Archive for September, 2013

One Man’s Ceiling Is Another Man’s Floor

Friday, September 27th, 2013

“There’s been some hard feelings here
About some words that were said …
Remember, one man’s ceiling is another man’s floor.”
                                                         Paul Simon

Here we go again. Hold on to your wallets, taxpayers. It’s time for another debt ceiling “negotiation.”

We use the term “negotiation” loosely, as it’s now extinct in Washington.

On one side, we have House Republicans waging an unwinnable battle, saying they’ll agree to suspend the debt ceiling limit for a year in exchange for a one-year delay of the individual mandate for ObamaCare, tax reform, approval of the Keystone pipeline and other concessions. While such changes would potentially provide a huge benefit to the economy, they have zero chance of passing in the Senate, which is controlled by the Democratic majority.Debt ceiling

On the other side, we have President Obama and Senate Democrats saying the Republicans are trying to shut down the federal government, because they are not willing to lift the debt ceiling without concessions from the President.

There will be no concessions by the Democrats. As President Obama put it, “I will not negotiate on anything when it comes to the full faith and credit of the United States of America.”

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The Beat Goes On

Friday, September 20th, 2013


From a future article in The New York Times:

Janet Yellen, retiring chair of the Federal Reserve Board, announced that The Fed’s quantitative easing program, aka QE12, is close to meeting its goal of achieving a 6.5% unemployment rate. Yellen

With The Fed’s bond portfolio exceeding $10 trillion, The Fed is running out of government bonds to buy, but Chairwoman Yellen said she’s confident the U.S. Treasury will pick up the pace at which it issues new bonds.

Chairwoman Yellen praised the quantitative easing program, which she said has managed to bring the unemployment rate down to 6.8% from a peak of nearly 10% in just 12 years.  QE has also helped the economy grow at a rate of nearly 2% a year.

During a brief press conference, for the first time since the quantitative easing program began, she was asked, “How does buying bonds create jobs?”

She explained that QE obviously decreased unemployment, since the unemployment rate exceeded 9% when QE began and is now approaching 6.5%.

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America – The New Europe?

Friday, September 13th, 2013

Defaulting on bond payments isn’t just for Europe anymore.  Detroit and several cities in California have defaulted on bond payments.  Now Puerto Rico may be in trouble, as its bonds are trading as if they are going to default.

This week, the yield on Puerto Rico’s general obligation bonds (PR G.O.) pushed up over 10%.  That led the Government Development Bank on Tuesday to announce that it would scale back bond sales for the rest of 2013.

Puerto Rico’s bonds offer a double tax advantage, which should help hold their yield down.  Yet when considered on a tax-equivalent basis, PR G.O. yields this week exceeded CCC corporate yields, based on the Merrill CCC Index YTW.

Puerto Rico’s junk bond status reflects a weak economy, but it also signals that the island is in deep financial trouble.  And the problems extend beyond Puerto Rico, given that it is part of a growing list of state and local governments with financial troubles.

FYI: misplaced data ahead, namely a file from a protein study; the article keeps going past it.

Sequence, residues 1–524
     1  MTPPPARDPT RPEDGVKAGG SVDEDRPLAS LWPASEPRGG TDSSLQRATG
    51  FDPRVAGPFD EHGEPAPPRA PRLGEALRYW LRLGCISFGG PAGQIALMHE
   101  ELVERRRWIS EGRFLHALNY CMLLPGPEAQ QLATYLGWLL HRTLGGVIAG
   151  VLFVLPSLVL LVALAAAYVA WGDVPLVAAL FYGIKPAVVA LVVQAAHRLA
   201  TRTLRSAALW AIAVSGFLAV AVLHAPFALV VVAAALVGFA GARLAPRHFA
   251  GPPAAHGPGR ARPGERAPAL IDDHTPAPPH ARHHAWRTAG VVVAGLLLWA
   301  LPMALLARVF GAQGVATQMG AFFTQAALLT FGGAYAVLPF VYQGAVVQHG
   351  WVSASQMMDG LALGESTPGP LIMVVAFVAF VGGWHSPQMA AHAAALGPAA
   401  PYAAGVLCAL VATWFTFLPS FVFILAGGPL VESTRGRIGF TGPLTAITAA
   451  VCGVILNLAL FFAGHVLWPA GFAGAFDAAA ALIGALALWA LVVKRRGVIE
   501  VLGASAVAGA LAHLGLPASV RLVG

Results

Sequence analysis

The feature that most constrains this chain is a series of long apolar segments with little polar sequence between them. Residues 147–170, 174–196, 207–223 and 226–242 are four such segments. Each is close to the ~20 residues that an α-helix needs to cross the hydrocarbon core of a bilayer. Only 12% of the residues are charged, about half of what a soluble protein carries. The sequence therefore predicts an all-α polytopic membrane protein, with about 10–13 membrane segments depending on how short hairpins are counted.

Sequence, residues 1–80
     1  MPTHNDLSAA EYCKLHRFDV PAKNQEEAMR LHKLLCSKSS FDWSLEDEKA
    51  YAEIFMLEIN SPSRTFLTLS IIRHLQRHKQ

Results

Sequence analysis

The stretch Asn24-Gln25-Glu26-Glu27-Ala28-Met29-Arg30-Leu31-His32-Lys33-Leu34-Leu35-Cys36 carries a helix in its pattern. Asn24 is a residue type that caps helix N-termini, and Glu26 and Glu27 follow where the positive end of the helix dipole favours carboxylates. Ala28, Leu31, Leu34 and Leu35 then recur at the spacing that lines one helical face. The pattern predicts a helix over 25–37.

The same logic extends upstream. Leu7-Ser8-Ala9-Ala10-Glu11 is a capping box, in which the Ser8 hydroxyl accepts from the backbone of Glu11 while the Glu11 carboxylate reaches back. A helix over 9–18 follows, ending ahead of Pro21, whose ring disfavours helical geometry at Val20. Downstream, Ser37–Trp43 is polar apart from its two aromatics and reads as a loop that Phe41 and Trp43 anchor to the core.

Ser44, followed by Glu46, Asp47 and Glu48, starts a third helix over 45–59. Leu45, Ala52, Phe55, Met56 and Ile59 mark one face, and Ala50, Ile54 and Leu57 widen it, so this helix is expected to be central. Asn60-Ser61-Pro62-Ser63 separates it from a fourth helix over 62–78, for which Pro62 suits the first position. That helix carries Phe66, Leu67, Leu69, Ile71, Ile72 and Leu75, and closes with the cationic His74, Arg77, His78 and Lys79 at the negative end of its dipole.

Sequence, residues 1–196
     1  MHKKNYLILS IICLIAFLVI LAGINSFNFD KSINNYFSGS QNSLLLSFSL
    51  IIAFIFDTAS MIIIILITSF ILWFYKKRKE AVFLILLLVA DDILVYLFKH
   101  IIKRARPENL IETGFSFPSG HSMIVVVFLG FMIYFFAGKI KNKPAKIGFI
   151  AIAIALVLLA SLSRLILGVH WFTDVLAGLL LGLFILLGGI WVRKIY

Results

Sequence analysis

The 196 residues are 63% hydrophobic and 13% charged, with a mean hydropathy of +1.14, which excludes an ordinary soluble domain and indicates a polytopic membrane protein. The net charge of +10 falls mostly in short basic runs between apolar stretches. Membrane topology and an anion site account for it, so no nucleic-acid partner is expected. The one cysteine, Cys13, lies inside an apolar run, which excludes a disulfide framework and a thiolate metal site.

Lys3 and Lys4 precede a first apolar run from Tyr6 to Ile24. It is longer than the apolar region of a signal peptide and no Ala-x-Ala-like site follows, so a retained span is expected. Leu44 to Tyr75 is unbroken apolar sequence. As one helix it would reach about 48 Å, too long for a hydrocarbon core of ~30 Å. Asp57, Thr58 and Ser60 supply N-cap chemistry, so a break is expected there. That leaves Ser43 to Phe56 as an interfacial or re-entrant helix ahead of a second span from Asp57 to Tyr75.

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Get Back to Work

Friday, September 6th, 2013

Labor Day has passed.  It’s time to get back to work … or at least think about work.  Work, or the lack of it, is what the economy is all about.  When Americans are working, they spend money.  When they spend money, the economy grows.

So if the economy is truly recovering, as many pundits suggest, then the unemployment rate should be dropping.  So is it?  Maybe. Gallup

On the One Hand

In today’s report, the U.S. Bureau of Labor Statistics reported that during the month of August, nonfarm payroll employment increased by 169,000, bringing the unemployment rate down from 7.4% to 7.3%.  That’s not a significant change, but it beats the 8.1% rate of a year ago.

In addition, the Institute of Supply Management reported this week that its manufacturing index edged up to 55.7 from 55.4 in July.  That’s also not a significant change, but economists had been forecasting a modest decline.  Instead, it was the third straight month of growth, as any reading above 50 indicates growth.  In addition, the new orders index jumped nearly 5% to 63.2.

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At The Fed, Saying Trumps Doing

Tuesday, September 3rd, 2013

President Obama’s campaign slogan for last year’s election was “Forward.”  The Federal Reserve Board’s slogan in the coming months may be “forward guidance.”

According to Goldman Sachs, The Fed is expected to begin tapering its bond buying in September, but will place more of an emphasis on “forward guidance.”

So what exactly is “forward guidance?”  Here’s how The Fed defines it:Goldman 1

“Through ‘forward guidance,’ the Federal Open Market Committee provides an indication to households, businesses, and investors about the stance of monetary policy expected to prevail in the future.  By providing information about how long the Committee expects to keep the target for the federal funds rate exceptionally low, the forward guidance language can put downward pressure on longer-term interest rates and thereby lower the cost of credit for households and businesses, and also help improve broader financial conditions.”

In other words, it’s pontificating and predicting.

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